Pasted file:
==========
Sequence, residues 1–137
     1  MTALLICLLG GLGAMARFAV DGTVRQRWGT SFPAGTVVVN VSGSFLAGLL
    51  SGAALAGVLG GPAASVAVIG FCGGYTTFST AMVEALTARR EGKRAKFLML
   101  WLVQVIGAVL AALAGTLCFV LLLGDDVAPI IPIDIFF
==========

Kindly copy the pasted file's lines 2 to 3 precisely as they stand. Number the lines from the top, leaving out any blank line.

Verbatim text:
     1  MTALLICLLG GLGAMARFAV DGTVRQRWGT SFPAGTVVVN VSGSFLAGLL
    51  SGAALAGVLG GPAASVAVIG FCGGYTTFST AMVEALTARR EGKRAKFLML